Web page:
Santiago and Valença do Minho Full Day Private Tour

On this eight hour tour, we offer you the opportunity to visit Santiago de Compostela, one of the most important places for pilgrimage in the world and Valença do Minho, a historical village with its famous Great Wall. Enjoy some free time in Santiago de Compostela to explore the Historic centre and to visit its impressive Cathedral. Luch is also included so that you may appreciate the local gastronomy and before returning to Porto, stop at Valença do Minho for a guided tour through the old town.

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Valença, Ponte de Lima & Viana do Castelo

Valença, Ponte de Lima & Viana do Castelo

A full-day private tour uncovers the Alto Minho region. Visit three unique villages in the north of Portugal: Valença, Ponte de Lima, and Viana do Castelo. Accompanied by an expert driver/guide you'll discover local customs, culture and traditions. Pick-up from your hotel in Porto or Vila Nova da Gaia.

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Pousada de Valença

Pousada de Valença

The Pousada is situated in magnificent surroundings of well-preserved sixteenth-century houses in the old walled Valença fortress. The rooms look stylish, they are classically decorated and excellently appointed, with breathtaking views of Minho River and the International Bridge. The bathrooms feature showers, bidets and hairdryers. The hotel staff are welcoming and friendly. In the mornings the Pousada offers a complimentary buffet breakfast, during the day and evenings the restaurant serves lunch and dinner specialising in local traditional cuisine.

Baluarte do Socorro, 4930-619 Valença do Minho, Portugal.
42° 01' 58" N | 08° 38' 45" W | +351 251 800 260 |

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Hotel Lara

Hotel Lara ★ ★ ★

Located in the centre of Valenca, only a few steps from the beautiful old town. Lara offers 54 comfortable rooms with balconies, most of them are overlooking the Fortress across the road; each room is equipped with climate control and air conditioning, a flat-screen TV with a wide selection of channels, including English-language TV programmes, and a private bathroom with a hairdryer. Wi-Fi is available in public areas and is free of charge.

Avenida dos Bombeiros Voluntarios, 4930-645 Valenca, Portugal.
42º 01' 33.5" N | 08º 38' 43.8" W | +351 251 824 348 |

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Hotel Valenca do Minho

Hotel Valenca do Minho ★ ★ ★

Perfectly placed just within the fortress walls overlooking the Minho River. 33 bedrooms and three suites are fully refurbished, each room is air-conditioned, equipped with a modern private bathroom with a hairdryer, also includes cable TV and radio. Some rooms have a mini-bar. There is a tennis court, solarium and an outdoor swimming pool.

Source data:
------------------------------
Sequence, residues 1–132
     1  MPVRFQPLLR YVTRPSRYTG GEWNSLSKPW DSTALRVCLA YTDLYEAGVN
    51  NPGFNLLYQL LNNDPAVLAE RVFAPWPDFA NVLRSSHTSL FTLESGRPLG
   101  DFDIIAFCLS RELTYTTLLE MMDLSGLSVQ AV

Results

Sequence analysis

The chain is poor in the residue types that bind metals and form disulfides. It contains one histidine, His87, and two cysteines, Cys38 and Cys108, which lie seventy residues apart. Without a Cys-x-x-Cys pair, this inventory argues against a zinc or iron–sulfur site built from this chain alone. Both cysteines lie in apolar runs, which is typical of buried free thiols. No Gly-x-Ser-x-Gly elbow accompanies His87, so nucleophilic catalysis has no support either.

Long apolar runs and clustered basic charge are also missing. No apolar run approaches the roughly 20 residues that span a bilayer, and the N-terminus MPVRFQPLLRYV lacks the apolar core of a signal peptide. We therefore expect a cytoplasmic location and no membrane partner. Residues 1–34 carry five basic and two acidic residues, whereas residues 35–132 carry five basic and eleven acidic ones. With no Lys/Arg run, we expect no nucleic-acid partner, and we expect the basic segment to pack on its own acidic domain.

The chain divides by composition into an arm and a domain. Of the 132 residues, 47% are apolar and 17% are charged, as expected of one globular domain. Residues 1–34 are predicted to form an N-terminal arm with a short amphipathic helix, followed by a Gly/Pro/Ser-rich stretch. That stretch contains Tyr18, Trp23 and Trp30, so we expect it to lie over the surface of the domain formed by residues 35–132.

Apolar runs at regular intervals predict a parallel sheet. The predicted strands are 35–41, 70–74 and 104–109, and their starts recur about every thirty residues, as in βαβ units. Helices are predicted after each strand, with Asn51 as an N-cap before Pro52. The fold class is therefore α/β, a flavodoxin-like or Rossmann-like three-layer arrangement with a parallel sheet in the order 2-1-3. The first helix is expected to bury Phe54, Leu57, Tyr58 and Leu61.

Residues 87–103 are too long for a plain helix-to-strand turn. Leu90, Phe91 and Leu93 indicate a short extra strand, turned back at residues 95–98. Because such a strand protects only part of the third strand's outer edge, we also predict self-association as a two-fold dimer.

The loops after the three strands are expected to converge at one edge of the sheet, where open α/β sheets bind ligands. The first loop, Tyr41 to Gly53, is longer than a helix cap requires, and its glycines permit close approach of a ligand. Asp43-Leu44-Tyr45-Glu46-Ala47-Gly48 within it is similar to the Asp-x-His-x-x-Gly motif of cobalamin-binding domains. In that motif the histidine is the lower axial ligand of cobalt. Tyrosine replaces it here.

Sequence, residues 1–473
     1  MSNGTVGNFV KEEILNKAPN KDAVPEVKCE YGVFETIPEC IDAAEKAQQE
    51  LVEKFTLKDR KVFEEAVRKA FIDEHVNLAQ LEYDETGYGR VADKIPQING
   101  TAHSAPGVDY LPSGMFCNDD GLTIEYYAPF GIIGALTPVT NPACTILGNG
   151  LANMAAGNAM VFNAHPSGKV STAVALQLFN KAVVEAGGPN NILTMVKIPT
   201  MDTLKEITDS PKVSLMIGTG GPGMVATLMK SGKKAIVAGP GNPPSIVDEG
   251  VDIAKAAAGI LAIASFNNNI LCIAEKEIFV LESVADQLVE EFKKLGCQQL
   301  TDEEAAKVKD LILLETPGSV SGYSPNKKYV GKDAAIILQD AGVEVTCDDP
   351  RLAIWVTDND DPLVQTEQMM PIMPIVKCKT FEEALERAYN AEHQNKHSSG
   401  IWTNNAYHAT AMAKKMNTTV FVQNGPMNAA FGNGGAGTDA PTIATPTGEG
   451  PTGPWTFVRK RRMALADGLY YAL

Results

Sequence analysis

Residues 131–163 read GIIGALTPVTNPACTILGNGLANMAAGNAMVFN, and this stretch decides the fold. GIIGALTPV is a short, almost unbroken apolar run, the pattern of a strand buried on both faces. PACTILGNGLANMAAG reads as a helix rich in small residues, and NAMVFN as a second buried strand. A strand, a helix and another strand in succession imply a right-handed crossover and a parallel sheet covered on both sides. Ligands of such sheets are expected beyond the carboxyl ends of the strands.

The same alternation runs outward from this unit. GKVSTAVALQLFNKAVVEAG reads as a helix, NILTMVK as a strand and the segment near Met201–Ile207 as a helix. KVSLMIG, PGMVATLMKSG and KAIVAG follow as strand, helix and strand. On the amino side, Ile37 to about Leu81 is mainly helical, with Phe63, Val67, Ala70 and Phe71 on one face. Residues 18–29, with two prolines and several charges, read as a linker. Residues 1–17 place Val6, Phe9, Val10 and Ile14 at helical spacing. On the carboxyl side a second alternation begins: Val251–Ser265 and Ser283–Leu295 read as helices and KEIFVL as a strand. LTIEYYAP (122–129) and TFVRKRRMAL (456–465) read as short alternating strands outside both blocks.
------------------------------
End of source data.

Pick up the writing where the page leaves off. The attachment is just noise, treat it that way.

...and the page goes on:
Avenida Miguel Dantas, 4930-678 Valença, Portugal.
42º 01' 27.6" N | 08º 38' 29.1" W" | +351 251 824 211

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O Botequim

Restaurant Quinta do Prazo

Quinta do Prazo is a place with plenty of atmosphere, built on the side of the old agricultural farm in May 2005. The restaurant has a great collection within its wine cellars and the chef Amaya Guterres together with the team of professionals presents the masterpieces of traditional Portuguese cuisine. He recovers and develops of some dishes that have fallen into disuse and that are the result of historical research conducted by his father Joao Guterres.

Lugar da Urgeira, 4930-655 Valenca, Portugal.
42º 01' 49.8" N | 08º 38' 09.3" W"
+351 251 821 230 |

Solar do Bacalhau

Solar do Bacalhau

Solar do Bacalhau is located in the centre of the fortress in Valença, it's a restaurant on two floors with a warm and pleasant atmosphere. As their name suggests the Bacalhau has the top four or five slots of the menu and are all well reviewed, especially the "Bacalhau ao Solar" house style. The choice is varied and prices are reasonable, even though the restaurant is located on the maenad strip. As common in the Minho portions are well garnished and large, for those with lighter appetites half portions (meio doce) are available on request.

Rua Mouzinho de Albuquerque, 99 a 103, Valenca 4930, Portugal.
42º 01' 27.6" N | 08º 38' 29.1" W
+351 251 824 211

Fronteira GastroBar

Fronteira GastroBar

Outside the Fortaleza walls this gastro pub stroke tapas bar offers a great selection of small plates and simples dishes at considerably good prices. An ideal location to spend a leisurely lunch. The staff are as warm and friendly as the atmosphere. A good selection of wines, gin and artisan beers too are on the menu.

Avenida Espanha 1, Valenca 4930-677 Portugal.
42º 01' 55.1" N | 08º 38' 31.5" W
+351 969 650 029

Francisco de Sá Carneiro Airport Porto is 116km (72.2 miles) South of Viana do Castelo Website


From Porto take the A3 north.
Latitude - 42° 01' 49.8" N Longitude - 08° 38' 41.1" W


Regular trains to Valença from Porto Campanhã, use the Regional train service (comboios regionais) Linha do Minho: Train Timetable | Comboios de Portugal Website

Rede Expressos run services to Valença from various locations within Portugal. Website